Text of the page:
The Need for Originalist Justices

Reading a previously published Wheel editorial excoriating the estimable Justice Scalia and his judicial philosophy, I realized that some Emory students might not entirely understand the legacy of Justice Antonin Scalia and his “originalist” approach. To view the late, great Scalia as an atavistic, benighted fool is to not appreciate the justice’s judicial philosophy and its intrinsic and undeniable merits. This conversation is necessary because our next president may have the opportunity to appoint up to four new justices to the Supreme Court. Although the Court is meant to be fundamentally detached from electoral politics, it seems as though this particular issue was on the ballot in this year’s election. Yet what the Court needs is not a liberal or conservative judge, but an “Originalist” justice — that is, one who reads and interprets the Constitution by examining its literal intent and the motivations and historic discourse behind its framing.

As executive power increases and Congress becomes more and more impotent, the the Court should act as a reliable safeguard against gross overreaches of presidential power. The Constitution grants the executive specific and limited duties within Article II, and the Supreme Court must act as the country’s metaphorical stop sign that protects the citizenry from executive usurpations. Congress makes laws, not the president. Any action by Trump regarding deferring deportation for illegal immigrants, changing federal statutes to benefit special interests groups or punishing companies who do business overseas must be met with unequivocal disapproval by the nation’s highest court.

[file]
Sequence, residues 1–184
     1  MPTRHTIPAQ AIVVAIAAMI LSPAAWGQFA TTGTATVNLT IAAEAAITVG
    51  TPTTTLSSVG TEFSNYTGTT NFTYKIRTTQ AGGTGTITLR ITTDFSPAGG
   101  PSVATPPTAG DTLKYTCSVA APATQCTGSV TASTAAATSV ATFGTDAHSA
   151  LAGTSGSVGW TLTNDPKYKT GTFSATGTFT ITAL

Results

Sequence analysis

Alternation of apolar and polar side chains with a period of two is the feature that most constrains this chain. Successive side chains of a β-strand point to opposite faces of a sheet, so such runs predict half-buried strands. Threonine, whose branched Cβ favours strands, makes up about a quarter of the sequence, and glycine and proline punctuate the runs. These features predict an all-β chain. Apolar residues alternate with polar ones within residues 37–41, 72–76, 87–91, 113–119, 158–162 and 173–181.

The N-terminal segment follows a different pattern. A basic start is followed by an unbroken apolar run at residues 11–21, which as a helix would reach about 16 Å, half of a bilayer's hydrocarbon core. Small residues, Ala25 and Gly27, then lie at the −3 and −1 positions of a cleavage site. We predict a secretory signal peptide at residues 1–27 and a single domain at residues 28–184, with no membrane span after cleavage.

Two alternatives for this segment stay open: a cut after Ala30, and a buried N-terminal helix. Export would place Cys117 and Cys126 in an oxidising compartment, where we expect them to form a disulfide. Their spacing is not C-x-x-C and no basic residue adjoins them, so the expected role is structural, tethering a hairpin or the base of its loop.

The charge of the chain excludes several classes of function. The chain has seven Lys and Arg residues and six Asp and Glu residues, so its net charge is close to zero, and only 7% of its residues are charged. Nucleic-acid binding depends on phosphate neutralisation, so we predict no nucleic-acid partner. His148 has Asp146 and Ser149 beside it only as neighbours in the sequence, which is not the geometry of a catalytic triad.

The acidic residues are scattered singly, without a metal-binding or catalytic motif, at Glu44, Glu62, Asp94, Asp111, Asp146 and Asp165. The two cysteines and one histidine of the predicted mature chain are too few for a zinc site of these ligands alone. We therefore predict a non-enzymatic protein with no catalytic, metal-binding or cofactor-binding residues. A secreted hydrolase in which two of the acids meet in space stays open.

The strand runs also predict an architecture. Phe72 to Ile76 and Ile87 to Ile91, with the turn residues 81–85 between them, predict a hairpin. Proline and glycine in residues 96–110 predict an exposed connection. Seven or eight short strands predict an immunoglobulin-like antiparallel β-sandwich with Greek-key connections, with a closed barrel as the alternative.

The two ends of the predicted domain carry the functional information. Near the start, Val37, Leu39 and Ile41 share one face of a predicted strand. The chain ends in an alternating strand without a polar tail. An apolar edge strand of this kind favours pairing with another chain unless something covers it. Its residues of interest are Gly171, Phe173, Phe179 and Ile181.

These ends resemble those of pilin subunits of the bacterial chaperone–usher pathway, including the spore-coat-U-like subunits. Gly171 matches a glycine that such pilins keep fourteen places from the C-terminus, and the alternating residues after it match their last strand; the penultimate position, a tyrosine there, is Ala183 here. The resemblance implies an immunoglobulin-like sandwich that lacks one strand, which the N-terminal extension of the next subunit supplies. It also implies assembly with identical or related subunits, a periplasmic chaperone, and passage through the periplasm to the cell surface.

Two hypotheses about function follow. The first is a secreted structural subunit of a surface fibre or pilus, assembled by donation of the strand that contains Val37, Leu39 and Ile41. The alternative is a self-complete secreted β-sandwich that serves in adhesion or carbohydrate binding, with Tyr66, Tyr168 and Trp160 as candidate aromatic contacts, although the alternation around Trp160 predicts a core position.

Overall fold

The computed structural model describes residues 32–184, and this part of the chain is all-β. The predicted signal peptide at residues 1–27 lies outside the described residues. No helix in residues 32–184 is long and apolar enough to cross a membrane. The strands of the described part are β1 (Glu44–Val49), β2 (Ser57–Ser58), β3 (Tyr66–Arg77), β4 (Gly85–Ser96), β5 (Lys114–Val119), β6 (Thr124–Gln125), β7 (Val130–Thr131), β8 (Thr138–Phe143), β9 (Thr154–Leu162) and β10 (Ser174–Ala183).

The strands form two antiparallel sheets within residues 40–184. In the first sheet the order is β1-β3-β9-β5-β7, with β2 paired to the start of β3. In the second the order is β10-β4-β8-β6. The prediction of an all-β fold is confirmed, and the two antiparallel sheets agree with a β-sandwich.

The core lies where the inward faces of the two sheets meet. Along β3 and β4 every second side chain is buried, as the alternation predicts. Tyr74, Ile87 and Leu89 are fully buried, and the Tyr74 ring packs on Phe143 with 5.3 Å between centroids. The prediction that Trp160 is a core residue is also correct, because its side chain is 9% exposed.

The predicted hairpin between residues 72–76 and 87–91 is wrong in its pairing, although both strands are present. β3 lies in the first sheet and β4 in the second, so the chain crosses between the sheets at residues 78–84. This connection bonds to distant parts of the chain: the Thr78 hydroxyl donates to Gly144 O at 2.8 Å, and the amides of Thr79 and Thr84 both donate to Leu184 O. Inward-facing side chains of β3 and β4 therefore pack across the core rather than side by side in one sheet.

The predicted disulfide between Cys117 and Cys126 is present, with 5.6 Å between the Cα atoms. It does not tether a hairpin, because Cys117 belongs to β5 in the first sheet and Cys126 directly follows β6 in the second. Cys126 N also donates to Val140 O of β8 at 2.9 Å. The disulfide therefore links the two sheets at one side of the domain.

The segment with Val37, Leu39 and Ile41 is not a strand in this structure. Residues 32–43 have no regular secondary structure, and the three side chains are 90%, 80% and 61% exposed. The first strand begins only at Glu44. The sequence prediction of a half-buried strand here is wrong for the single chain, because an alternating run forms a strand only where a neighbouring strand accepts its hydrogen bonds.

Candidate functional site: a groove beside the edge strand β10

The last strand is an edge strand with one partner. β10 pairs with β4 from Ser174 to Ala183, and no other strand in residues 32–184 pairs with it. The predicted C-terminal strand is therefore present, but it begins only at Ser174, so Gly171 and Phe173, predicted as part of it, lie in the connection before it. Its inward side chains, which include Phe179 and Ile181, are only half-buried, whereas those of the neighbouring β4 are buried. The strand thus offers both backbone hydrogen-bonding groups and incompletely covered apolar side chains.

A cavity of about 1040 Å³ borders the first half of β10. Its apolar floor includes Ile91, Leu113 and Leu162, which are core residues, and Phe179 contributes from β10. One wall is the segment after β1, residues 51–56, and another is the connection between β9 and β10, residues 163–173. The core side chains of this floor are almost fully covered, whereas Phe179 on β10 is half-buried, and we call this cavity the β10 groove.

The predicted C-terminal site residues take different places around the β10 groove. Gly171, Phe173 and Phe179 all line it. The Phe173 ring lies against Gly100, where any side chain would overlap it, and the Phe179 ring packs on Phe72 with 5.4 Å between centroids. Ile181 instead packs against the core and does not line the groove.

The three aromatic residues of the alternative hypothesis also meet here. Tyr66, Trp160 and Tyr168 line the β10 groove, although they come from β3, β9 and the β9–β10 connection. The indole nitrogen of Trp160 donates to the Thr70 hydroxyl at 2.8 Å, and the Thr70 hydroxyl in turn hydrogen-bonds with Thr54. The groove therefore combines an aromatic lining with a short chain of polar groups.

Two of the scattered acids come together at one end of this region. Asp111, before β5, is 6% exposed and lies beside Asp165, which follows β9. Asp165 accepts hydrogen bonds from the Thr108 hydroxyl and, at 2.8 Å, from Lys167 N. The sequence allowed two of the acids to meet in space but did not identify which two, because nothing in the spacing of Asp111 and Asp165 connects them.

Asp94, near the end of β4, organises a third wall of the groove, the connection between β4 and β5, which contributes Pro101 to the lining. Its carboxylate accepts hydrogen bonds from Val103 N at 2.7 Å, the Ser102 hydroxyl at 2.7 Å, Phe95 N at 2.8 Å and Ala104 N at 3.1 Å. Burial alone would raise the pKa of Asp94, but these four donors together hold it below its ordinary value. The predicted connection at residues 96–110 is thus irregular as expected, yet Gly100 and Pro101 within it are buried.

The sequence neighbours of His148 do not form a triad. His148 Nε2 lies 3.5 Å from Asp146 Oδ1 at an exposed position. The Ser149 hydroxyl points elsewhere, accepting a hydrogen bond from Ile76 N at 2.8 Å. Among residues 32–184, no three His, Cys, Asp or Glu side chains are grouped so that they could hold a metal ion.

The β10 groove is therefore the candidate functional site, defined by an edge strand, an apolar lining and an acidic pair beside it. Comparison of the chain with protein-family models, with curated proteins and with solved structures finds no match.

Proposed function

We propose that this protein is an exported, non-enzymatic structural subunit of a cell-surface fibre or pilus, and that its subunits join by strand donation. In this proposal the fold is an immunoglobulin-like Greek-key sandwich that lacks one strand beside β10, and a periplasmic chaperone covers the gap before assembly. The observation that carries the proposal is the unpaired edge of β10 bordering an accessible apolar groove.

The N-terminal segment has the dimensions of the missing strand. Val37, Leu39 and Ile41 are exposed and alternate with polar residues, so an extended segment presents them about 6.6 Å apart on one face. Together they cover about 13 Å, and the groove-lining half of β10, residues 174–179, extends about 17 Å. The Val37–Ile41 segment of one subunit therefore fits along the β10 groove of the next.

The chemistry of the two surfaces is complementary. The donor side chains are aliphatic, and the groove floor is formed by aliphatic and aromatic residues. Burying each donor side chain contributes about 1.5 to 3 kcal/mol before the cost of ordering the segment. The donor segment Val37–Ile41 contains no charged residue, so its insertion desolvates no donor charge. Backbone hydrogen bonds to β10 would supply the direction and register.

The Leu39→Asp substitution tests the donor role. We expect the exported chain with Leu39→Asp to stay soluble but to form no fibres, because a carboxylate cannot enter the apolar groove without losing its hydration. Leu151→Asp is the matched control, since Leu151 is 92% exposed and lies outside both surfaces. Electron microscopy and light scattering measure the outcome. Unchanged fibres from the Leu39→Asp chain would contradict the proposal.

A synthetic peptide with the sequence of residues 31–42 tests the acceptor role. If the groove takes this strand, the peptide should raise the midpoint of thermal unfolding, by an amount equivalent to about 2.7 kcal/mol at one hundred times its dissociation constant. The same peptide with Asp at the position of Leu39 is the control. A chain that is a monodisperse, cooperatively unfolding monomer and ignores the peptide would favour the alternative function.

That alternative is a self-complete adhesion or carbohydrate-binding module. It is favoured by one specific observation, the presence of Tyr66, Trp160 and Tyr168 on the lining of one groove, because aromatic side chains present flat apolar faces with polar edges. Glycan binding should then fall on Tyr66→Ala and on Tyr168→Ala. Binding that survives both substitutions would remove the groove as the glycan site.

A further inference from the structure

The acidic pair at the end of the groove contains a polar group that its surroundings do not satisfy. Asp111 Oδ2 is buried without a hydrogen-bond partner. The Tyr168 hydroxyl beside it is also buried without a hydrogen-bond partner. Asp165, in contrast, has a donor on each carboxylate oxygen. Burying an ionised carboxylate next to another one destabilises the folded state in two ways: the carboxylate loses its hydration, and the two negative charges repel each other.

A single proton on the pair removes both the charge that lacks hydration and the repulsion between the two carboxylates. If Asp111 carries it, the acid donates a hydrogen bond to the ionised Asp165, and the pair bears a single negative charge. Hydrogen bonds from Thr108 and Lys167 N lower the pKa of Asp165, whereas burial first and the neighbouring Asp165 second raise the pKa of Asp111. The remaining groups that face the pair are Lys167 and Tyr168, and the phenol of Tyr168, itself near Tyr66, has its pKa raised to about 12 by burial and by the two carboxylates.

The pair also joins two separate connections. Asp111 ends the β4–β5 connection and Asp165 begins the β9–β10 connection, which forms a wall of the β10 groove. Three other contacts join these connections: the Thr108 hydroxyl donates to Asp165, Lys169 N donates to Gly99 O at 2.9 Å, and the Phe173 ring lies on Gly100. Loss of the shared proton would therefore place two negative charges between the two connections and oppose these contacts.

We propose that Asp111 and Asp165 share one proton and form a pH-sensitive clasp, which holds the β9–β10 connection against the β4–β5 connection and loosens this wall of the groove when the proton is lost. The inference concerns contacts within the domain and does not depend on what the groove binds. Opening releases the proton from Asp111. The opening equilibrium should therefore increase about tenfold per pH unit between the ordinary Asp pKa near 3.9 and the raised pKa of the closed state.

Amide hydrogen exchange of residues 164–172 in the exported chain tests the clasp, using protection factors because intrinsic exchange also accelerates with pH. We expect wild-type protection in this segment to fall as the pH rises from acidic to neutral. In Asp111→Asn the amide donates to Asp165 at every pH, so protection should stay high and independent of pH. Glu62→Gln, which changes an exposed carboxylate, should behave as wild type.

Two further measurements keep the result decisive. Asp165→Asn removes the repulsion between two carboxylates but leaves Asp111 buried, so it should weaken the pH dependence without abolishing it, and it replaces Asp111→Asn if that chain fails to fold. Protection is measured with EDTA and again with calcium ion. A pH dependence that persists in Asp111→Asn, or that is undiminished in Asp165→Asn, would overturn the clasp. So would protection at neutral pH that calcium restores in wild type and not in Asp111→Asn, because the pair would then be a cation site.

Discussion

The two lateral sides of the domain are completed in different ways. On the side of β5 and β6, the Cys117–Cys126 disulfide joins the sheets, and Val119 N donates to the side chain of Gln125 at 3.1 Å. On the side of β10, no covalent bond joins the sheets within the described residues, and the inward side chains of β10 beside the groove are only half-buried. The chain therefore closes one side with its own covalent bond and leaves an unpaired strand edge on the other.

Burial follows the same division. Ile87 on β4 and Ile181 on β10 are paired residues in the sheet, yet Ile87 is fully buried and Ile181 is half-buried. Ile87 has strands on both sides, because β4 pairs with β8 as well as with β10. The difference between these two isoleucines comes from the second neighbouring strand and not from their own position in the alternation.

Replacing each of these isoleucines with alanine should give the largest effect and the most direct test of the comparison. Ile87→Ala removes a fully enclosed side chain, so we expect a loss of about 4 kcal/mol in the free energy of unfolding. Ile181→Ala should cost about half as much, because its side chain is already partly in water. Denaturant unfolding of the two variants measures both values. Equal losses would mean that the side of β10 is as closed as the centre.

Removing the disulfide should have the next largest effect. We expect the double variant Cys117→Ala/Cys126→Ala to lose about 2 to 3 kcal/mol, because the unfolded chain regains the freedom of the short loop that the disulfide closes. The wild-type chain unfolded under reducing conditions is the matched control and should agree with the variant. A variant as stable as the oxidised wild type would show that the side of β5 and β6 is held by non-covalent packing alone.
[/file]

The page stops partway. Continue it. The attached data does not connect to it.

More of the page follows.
Perhaps equally as precious as the separation of powers within our constitutional system are our fundamental rights outlined in the Bill of Rights and the Reconstruction amendments. It should be noted that the Bill of Rights does not grant us rights; rather, it outlines that government may not infringe on the rights we possess innately. In the wake of an expanding “war on terror,” both at home and abroad, citizens face a growing National Security Agency (NSA) with the capability to spy and collect metadata on millions of law-abiding citizens. It is incredibly apparent that we need thoughtful justices who will strike the delicate balance between our fourth amendment guarantees of being free from unreasonable and unwarranted search and seizure with the compelling and necessary governmental interest in protecting the country from domestic and foreign terrorist threats.

With respect to the second amendment, it is necessary to have justices who understand the rationale and history of our right to bear arms. Justice Scalia affirmed this right in his Heller decision, but both major party candidates, particularly former Secretary Clinton, have shown a proclivity and desire to restrict the rights of lawful gun owners. Many Americans agree that some regulation on firearms and gun sales should be permitted. Yet a law like the one overturned in DC. Heller, where the District of Columbia effectively outlawed possession of any firearm, is incompatible with our second amendment guarantees and with the Founding Fathers’ vision of gun ownership.